4. In our western culture, with its promotion of the rights of individuals and the sanctity of human life, I agree that the counterpoint to this view is disease and death. They represent the very negation of life.

    Our notion of what constitutes a ‘good’ human being has from the ancient Greeks, like Plato, onwards, depicted a healthy mind inside a healthy body. And while I might long for clarity around the presence of absolute truths, a la Plato’s Forms, I too must live in the ‘real’ world where codes of morality are formulated from socio-religious and cultural norms accepted by the majority of one’s fellow citizens.

    You are right to state that laws and mores determine our relationships and that they are generated by the dominant forces/class within our particular economic system, but they are consequently relativistic not absolute. This enables dissent and non-conformity by persons within the prevailing system and even allows the dominant powers to change or amend those values over time.

    The pursuit and maintenance of a healthy body is made to equate to a moral good, and because it seems to be a matter of individual responsibility, those who ‘fail’ will be held accountable and be subjected to the “opprobrium, isolation, illness and disease” you mention.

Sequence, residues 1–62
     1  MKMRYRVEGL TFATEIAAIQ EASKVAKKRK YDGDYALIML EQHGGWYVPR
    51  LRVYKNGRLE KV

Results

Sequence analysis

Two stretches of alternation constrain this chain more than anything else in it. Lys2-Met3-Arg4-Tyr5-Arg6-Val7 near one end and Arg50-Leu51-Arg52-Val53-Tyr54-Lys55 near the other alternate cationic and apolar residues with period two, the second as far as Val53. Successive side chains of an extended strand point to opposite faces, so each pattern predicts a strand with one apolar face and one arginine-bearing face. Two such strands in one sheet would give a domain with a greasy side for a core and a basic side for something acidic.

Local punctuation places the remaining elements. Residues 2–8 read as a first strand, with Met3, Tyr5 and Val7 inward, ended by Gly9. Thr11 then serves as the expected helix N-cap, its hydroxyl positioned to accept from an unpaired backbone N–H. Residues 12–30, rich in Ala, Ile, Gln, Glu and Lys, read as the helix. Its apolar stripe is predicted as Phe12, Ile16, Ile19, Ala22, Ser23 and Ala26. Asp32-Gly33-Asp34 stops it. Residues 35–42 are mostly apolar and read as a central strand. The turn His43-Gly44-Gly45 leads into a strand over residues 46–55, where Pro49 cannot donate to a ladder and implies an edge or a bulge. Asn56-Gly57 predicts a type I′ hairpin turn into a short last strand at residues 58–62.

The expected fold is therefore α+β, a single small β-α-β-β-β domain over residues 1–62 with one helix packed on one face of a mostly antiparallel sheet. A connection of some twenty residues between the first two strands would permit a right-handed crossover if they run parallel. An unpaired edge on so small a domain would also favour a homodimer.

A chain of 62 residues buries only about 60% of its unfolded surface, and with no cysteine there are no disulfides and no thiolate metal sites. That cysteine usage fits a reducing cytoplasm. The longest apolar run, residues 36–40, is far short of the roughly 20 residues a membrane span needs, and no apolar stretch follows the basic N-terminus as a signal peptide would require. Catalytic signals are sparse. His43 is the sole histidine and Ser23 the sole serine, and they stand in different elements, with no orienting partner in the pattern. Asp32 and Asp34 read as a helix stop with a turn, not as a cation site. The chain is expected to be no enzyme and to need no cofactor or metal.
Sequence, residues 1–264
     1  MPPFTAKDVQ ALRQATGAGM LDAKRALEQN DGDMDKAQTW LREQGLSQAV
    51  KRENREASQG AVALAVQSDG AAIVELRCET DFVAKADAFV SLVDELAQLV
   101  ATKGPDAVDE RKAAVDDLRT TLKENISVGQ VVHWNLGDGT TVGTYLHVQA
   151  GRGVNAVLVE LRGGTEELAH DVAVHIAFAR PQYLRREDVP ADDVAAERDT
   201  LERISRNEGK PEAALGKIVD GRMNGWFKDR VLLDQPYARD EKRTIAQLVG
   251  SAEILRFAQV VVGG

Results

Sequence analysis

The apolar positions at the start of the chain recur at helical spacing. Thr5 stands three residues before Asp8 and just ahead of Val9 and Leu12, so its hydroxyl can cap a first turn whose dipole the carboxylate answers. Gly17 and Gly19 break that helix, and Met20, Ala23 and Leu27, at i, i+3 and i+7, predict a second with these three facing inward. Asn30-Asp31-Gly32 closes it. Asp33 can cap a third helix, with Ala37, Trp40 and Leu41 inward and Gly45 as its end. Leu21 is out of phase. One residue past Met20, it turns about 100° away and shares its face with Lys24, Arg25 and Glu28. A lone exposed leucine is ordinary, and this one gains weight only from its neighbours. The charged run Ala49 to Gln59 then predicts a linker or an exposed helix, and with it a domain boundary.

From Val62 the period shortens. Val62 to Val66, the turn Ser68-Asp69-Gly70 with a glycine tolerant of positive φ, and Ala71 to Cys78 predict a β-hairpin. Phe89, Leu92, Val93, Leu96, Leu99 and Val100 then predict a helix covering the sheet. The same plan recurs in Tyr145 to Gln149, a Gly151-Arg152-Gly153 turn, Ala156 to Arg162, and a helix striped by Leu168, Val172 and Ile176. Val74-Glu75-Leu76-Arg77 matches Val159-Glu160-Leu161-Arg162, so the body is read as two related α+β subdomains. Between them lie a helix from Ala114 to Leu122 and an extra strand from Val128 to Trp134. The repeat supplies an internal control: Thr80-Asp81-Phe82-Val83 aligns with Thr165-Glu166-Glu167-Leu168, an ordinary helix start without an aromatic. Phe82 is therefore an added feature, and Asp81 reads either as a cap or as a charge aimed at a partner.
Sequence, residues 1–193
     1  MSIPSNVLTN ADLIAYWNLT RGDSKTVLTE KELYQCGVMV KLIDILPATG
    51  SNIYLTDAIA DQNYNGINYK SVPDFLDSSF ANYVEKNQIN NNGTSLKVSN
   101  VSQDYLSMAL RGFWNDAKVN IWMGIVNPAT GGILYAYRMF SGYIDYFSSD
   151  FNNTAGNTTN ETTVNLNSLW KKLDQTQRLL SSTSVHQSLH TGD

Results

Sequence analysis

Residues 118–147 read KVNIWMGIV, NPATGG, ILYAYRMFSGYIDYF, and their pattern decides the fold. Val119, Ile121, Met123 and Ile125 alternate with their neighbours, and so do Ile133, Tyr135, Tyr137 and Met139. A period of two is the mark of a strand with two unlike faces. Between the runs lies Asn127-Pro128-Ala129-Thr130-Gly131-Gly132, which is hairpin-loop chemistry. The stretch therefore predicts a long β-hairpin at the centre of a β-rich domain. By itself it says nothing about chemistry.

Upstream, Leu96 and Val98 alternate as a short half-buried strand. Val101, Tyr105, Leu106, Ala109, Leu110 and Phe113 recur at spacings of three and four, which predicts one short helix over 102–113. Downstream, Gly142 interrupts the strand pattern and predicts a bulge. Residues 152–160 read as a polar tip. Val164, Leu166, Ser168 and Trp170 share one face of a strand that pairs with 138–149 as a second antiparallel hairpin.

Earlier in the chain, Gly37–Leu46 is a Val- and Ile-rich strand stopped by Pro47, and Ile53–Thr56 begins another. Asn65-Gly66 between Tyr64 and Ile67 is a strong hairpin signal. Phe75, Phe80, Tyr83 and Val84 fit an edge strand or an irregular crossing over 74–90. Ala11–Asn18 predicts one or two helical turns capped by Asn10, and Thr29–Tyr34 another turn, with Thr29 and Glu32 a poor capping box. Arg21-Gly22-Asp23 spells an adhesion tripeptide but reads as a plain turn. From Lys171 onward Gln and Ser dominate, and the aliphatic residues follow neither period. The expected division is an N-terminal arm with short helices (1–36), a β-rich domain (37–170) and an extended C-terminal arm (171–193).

The cultural pressures to adhere to a healthy lifestyle are immense and ubiquitous in our western civilization. Quality of life issues are advanced as moral goods without the need to state the denial of death impulse behind them. Efforts to extend human life, almost by whatever means, are deemed appropriate and declared intrinsically good. Adoration of youthful health and vigor is the overwhelming imagery of our cultural landscape. Slowing down the march of time’s effects upon the physical body becomes a crusade of sorts which begets responses “like scapegoating and what we now call ‘othering’, hero worship, and even class and inequality.”

    1. Thanks, Paul. As usual an erudite and thoughtful response to one of my blogs. I often think of Marx’s The German Ideology and his analysis in there of the relationship of his economic base to the superstructure of any given mode of production. ‘Economic base’ and ‘superstructure’ are obviously constructs that can only hint at the complex reality of a mode of production at any given moment in its history. Still, I must conclude that ethics and morality fall squarely in the superstructure and are fundamentally if not entirely a function of social relations of production. Because Marx saw a dialectical relationship between the base and superstructure, he could conclude that at times philosophical, artistic, and other superstructural ‘moments’ can and do affect the severity, celerity and overall dynamics of the relations of production. On a parting note, Marx was clear that ‘the revolution’ would first occur in the industrialized areas of the world and I think he was correct. Any thoughts?